Yesterday, former Pittsburgh Steelers linebacker James Harrison re-signed with the team (just three weeks after announcing his retirement from the NFL), sparking yet another case study in how the league ought to deal with players accused of domestic abuse, post-Ray Rice. Harrison was arrested in 2008 when, as he and his girlfriend fought over whether to baptize their son, he broke down a door she was hiding behind, destroyed her cell phone to prevent her from calling 911, and slapped her in the face. Harrison was charged with simple assault and criminal mischief; the charges were dropped when he agreed to undergo anger management and other counseling, and Harrison kept his spot in the Steelers line-up.
At the time, Steelers chairman Dan Rooney excused Harrison’s abuse because he executed it in the context of attempting to baptize his son. Rooney said that “what he was trying to do was really well worth it.” If the arrest had occurred yesterday, the Steelers would have been compelled to at least try to appear to take the incident more seriously. So some are suggesting that the team’s long-ago leniency with Harrison should catch up with him now: “The Steelers signing James Harrison is a bad move on and off the field,” USA Today’s Mike Foss weighed in.
Should domestic abusers be taken off the field forever? I’m not sure that’s a rule that will actually help the NFL promote a greater understanding of the dynamics of domestic violence, or prevent abuse in the future. Abusers can be rehabilitated with a lot of work—a 2004 CDC-funded study found that abusers who go through a batterer intervention program are 50 percent less likely to re-assault their partners than those who drop out—and that’s work in which the NFL should seriously invest. Viewing domestic abusers as potentially (but not necessarily) redeemable could help stop physical violence and controlling behaviors in these players’ homes and model a pathway toward preventing domestic violence in the league and in families across America.
But is James Harrison one of those success stories? I have no idea. Harrison hasn’t amassed more domestic violence charges since his 2008 arrest, but as Indiana University of Pennsylvania sociologist (and author of the batterer intervention study) Ed Gondolf told USA Today this week, arrest records don’t tell us whether an abuser is still operating with an “undertow of controlling behavior,” and they shouldn’t constitute the league’s sole guideline in assessing a player’s fitness for becoming a productive member of its institution. In a 2011 Men’s Journal profile, Harrison scowls at reporter Paul Solotaroff for arriving at his home five minutes early, calls Roger Goodell a “faggot,” poses for a photograph while gripping two selections from his gun collection, and proclaims, “My rep is James Harrison, mean son of a bitch who loves hitting the hell out of people.” Sure, this is part persona, but not entirely. As Amy Barasch wrote in Slate in January, domestic abusers who own guns pose a huge risk to both their intimate partners and police officers who attempt to intervene.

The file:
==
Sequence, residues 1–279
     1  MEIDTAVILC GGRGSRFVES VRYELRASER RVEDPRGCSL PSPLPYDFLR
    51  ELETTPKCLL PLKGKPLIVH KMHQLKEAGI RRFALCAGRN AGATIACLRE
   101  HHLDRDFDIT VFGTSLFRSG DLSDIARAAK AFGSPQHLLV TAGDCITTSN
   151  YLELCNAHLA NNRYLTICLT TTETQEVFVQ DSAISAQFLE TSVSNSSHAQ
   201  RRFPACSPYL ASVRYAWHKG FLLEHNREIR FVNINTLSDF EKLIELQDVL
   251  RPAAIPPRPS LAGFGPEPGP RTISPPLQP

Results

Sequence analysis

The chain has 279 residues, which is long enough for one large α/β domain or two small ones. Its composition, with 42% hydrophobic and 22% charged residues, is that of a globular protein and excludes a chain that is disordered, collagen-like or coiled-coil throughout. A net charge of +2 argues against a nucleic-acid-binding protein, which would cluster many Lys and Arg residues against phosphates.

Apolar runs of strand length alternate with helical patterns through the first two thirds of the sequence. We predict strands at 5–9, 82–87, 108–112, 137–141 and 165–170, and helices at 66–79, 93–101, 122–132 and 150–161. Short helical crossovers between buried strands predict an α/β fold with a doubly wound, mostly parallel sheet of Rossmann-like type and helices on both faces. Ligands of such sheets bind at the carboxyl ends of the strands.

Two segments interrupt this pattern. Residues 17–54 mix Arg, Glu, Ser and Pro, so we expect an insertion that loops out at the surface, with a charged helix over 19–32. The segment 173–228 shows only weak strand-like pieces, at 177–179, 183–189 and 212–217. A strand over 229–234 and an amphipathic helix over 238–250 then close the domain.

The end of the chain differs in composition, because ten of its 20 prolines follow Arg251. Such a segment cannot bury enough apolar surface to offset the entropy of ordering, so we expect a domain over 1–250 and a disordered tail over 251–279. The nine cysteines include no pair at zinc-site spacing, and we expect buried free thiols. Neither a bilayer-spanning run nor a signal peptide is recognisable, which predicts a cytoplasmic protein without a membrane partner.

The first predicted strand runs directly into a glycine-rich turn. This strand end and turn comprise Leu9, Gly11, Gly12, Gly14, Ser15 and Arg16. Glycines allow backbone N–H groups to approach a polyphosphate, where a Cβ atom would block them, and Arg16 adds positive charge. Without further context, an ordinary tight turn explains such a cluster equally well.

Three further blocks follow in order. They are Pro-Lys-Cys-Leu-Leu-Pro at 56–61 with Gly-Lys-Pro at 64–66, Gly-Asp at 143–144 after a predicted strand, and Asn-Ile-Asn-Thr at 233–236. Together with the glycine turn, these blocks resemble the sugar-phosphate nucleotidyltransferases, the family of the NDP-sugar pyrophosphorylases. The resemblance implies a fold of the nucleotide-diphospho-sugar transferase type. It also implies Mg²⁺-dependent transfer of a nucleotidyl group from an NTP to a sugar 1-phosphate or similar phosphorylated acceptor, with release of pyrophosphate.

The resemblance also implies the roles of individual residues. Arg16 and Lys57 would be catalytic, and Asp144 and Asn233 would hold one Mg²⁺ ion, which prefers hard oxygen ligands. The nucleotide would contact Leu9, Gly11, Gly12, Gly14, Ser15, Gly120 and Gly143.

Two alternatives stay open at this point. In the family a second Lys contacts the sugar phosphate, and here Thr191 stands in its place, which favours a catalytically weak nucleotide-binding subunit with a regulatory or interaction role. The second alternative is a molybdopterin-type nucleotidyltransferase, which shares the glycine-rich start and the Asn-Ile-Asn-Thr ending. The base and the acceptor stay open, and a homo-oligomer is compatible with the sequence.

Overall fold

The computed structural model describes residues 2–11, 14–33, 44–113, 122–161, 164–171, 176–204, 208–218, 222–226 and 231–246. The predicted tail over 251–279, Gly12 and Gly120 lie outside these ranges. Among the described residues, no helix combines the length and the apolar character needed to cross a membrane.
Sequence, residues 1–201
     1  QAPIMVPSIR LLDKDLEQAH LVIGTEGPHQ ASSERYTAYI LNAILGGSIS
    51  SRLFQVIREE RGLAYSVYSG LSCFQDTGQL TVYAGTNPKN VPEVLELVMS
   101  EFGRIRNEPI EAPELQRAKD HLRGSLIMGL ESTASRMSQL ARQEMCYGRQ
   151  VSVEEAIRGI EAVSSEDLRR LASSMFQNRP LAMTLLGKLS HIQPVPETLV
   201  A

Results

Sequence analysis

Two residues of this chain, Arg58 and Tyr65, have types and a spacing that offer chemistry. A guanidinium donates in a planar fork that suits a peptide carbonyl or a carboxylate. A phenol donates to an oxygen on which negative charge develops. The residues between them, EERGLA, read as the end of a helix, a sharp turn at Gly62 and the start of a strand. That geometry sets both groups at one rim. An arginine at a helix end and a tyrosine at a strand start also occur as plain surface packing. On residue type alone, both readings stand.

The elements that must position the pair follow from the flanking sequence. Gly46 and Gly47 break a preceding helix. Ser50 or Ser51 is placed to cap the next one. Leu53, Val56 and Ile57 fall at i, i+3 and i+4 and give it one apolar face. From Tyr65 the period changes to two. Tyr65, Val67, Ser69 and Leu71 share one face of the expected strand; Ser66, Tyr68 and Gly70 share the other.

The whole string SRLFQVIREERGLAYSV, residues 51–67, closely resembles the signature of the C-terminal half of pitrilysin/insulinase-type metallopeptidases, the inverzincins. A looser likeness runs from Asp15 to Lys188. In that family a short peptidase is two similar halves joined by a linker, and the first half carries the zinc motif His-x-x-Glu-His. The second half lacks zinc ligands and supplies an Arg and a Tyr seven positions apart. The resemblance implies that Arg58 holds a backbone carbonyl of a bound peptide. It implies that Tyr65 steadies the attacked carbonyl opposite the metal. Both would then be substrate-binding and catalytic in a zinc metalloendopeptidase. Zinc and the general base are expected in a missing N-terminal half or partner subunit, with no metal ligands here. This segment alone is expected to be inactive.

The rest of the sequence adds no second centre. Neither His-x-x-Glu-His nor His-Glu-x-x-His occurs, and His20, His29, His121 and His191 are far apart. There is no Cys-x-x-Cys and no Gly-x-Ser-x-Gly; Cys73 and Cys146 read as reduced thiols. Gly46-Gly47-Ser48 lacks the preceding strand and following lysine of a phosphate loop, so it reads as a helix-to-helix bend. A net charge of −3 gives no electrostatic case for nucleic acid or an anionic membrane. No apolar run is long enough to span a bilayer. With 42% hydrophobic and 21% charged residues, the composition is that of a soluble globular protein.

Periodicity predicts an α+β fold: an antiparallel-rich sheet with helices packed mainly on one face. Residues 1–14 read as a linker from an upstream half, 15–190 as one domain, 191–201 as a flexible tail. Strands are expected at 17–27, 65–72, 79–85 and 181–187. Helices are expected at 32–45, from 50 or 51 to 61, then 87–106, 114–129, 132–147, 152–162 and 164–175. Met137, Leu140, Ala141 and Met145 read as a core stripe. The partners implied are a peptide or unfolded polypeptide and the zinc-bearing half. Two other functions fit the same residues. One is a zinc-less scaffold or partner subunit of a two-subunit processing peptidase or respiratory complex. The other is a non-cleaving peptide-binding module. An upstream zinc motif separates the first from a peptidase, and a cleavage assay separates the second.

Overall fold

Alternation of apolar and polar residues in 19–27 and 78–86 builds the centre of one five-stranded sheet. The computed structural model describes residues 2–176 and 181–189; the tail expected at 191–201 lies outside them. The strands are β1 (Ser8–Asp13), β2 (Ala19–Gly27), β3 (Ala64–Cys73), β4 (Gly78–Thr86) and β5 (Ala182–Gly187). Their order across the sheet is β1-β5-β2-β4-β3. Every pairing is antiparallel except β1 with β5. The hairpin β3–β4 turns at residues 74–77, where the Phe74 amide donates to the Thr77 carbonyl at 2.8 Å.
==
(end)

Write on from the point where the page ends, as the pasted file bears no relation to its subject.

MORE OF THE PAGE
The fact that the Steelers have resigned Harrison is not an indication that they don’t take domestic violence seriously. But the recent words of Steelers coach Mike Tomlin might be. “It’s been seven years, and it is a different climate,” Tomlin said of Harrison’s re-signing with the team. “I’ve discussed directly that climate change with James. But knowing James over those seven or eight years, he’s grown a lot, as has his lady and I don’t anticipate that being an issue at all moving forward.” If the only thing that’s changed in the Harrison scenario is the “climate,” the Steelers might be in some trouble here. And stating that Harrison’s “lady” has grown with Harrison on this issue is a huge red flag that at least one NFL coach still believes victims are complicit in their abuse. (Remember when a college basketball coach told CBS this year that female coaches are incapable of turning “boys into men?” We’re still waiting for the NFL to prove that its own men are actually proficient at this task.)
Last week, the NFL made a big show about bringing in a cadre of domestic violence experts to advise the league on how to deal with the issue responsibly. And yet, owners and officials are still out front, spreading misinformation about the dynamics of domestic violence, excusing their players without any credible evidence that they’ve changed, and displaying a basic misunderstanding of how to talk about domestic violence.
Commentators who have called on the NFL to administer harsh suspensions of abusers say that action would “send a message” that the league doesn’t condone domestic violence. I don’t know how long a suspension has to be to communicate to the public that the league cares—I’m not sure anyone is in the position to pinpoint a universal standard—but I do think that teams have a responsibility to sustain their anti-domestic violence message as they bring players back into the fold. In this instance, I don’t necessarily think the Steelers have a responsibility to ban Harrison for life. But they should have to honestly demonstrate how he has worked and is working to change.